Harmonized Sales Tax: Information on the Transitional Tax Adjustment for Builders of Housing in Prince Edward Island

From: Canada Revenue Agency

GST/HST Info Sheet GI-150
March 2013

The Government of Prince Edward Island has proposed a harmonized sales tax (HST) that would come into effect on April 1, 2013.

The HST rate in Prince Edward Island would be 14% of which 5% would represent the federal part and 9% the provincial part.

This info sheet reflects proposed tax changes announced in the Prince Edward Island 2012 Budget and Revenue Tax Guide RTG185, Implementation of the Harmonized Sales Tax in Prince Edward Island.

Any commentary in this info sheet should not be taken as a statement by the Canada Revenue Agency (CRA) that the proposed transitional rules will be enacted in their current form.

This info sheet explains how the transitional tax adjustment would apply to builders who sell "grandparented housing" in P.E.I.

Refer to GST/HST Info Sheet GI-146, Harmonized Sales Tax: Information for Builders of New Housing in Prince Edward Island, for a detailed explanation of "grandparented housing".

Definitions for GST purposes, e.g., builder, residential complex, residential unit, residential condominium unit, and substantial renovation, would generally apply under the HST, as would the CRA's current policies on the application of the GST to housing. Guide RC4052, GST/HST Information for the Home Construction Industry, and GST/HST Info Sheet GI-005, Sale of a Residence by a Builder Who is an Individual, discuss many of these important terms.

Grandparented sales of housing

When newly constructed or substantially renovated grandparented housing is sold in P.E.I., the builder would not be required to collect the provincial part of the HST on the sale of the housing even though both ownership and possession are transferred to the purchaser after March 2013. Only the GST at the rate of 5% would apply to the sale.

However, the builder may be considered to have collected an amount referred to as the transitional tax adjustment and if so, would be required to include that amount in its net tax calculation.

Transitional tax adjustment – Overview

Since the provincial part of the HST would not apply to the sale of grandparented housing, the transitional tax adjustment is intended to approximate the amount of the provincial sales tax (PST) that the builder would otherwise have paid on construction materials after March 2013 and that is embedded in the sale price of the housing.

This transitional tax adjustment would be considered collected by the builder (even though not actually collected from anyone), and would have to be included in the builder's net tax calculation for the reporting period which includes the day that is:

  • in the case of a detached house, semi-detached house, rowhouse unit or residential condominium unit, the earlier of the day ownership or possession of the housing is transferred to the purchaser under the written agreement of purchase and sale for the housing; or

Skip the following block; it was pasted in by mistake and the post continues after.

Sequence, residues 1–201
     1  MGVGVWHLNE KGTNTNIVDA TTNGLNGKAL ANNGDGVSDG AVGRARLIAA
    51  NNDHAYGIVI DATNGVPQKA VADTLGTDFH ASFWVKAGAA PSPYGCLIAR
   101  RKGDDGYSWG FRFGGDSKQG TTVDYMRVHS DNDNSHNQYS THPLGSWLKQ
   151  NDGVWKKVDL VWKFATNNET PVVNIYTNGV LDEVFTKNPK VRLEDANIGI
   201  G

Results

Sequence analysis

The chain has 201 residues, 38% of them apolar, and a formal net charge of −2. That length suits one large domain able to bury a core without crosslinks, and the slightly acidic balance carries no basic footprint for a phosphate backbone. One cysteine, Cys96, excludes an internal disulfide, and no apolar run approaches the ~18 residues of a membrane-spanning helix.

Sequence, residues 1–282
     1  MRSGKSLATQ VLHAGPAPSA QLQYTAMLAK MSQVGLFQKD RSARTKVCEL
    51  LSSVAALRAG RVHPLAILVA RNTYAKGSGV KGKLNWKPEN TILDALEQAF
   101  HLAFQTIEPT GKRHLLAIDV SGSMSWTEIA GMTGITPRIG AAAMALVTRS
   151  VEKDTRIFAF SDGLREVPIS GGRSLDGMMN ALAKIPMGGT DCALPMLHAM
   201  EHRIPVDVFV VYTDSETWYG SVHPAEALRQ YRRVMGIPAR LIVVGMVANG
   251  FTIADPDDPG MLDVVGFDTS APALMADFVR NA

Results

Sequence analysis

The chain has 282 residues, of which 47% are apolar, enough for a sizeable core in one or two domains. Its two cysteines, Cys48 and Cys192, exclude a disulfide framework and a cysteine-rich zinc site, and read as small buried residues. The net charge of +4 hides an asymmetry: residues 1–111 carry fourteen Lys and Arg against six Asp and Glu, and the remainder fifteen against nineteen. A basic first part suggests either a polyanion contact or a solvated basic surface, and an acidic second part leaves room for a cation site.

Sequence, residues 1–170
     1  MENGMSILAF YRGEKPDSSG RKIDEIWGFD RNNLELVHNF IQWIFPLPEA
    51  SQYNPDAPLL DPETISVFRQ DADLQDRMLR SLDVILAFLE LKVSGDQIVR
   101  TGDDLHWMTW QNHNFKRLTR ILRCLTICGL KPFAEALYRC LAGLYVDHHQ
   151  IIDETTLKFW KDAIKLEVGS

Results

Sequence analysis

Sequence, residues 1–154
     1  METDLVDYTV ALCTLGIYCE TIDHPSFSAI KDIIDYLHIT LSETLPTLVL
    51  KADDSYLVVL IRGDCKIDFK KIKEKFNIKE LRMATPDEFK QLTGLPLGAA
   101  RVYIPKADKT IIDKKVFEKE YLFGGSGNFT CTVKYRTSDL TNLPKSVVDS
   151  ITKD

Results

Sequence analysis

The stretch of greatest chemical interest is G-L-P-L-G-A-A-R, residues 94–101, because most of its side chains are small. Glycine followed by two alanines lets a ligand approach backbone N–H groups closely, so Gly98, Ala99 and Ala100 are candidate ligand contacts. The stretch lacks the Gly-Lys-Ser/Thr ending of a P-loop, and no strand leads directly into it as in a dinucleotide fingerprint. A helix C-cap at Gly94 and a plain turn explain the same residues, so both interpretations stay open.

• in the case of a condominium complex, the earlier of the day ownership of the complex is transferred to the purchaser and the day that is sixty days after the day the complex is registered as a condominium.

A builder who is a GST/HST registrant that would be required to account for the transitional tax adjustment in its net tax calculation would have to file its GST/HST return using GST/HST NETFILE. Refer to GST/HST Info Sheet GI-099, Builders and Electronic Filing Requirements, which will be updated shortly for P.E.I., for information on the electronic filing requirements that would apply to builders of new housing in P.E.I.

The transitional tax adjustment would be considered collected by the builder and would not be payable by the purchaser. It would represent the amount of PST that the builder would have been required to pay on construction costs incurred after March 2013 and that is embedded in the sale price of the housing.

The transitional tax adjustment would not apply to sales of traditional apartment buildings, duplexes, mobile homes or floating homes, as these would not qualify as grandparented housing.

Transitional tax adjustment – Single-unit housing

For grandparented sales of newly constructed or substantially renovated single-unit housing, the builder would be considered to have collected the transitional tax adjustment if the construction or substantial renovation of the housing is less than 90% complete immediately before April 1, 2013.

For grandparenting purposes, "single-unit" housing means a detached house, semi-detached house, or a rowhouse unit, that is not a condominium, but does not include a residential condominium unit, duplex, mobile home, floating home or owner-built home.

The transitional tax adjustment for single-unit housing would be based on the total consideration payable (which excludes the GST payable and any new housing rebate) and the degree of completion of the construction or substantial renovation of the housing immediately before April 1, 2013. However, where the consideration is less than what the fair market value of the housing would have been on the day the builder and purchaser entered into the written agreement of purchase and sale, had the housing been substantially complete on that date, the consideration for purposes of calculating the transitional tax adjustment would instead be equal to that fair market value.